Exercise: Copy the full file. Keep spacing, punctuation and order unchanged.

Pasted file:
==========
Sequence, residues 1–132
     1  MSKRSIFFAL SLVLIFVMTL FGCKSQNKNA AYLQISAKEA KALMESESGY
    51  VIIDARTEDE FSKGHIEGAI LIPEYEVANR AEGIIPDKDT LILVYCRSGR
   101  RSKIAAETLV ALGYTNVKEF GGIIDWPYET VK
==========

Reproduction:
Sequence, residues 1–132
     1  MSKRSIFFAL SLVLIFVMTL FGCKSQNKNA AYLQISAKEA KALMESESGY
    51  VIIDARTEDE FSKGHIEGAI LIPEYEVANR AEGIIPDKDT LILVYCRSGR
   101  RSKIAAETLV ALGYTNVKEF GGIIDWPYET VK